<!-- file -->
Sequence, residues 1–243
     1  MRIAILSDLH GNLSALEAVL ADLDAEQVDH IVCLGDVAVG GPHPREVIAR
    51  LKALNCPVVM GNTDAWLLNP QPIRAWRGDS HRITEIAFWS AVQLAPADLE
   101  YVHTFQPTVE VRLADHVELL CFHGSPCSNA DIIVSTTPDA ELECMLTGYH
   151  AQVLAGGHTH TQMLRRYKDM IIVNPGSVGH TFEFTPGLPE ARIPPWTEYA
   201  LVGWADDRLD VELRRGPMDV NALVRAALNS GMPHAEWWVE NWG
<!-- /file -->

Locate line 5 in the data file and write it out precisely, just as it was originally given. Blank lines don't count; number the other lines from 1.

   151  AQVLAGGHTH TQMLRRYKDM IIVNPGSVGH TFEFTPGLPE ARIPPWTEYA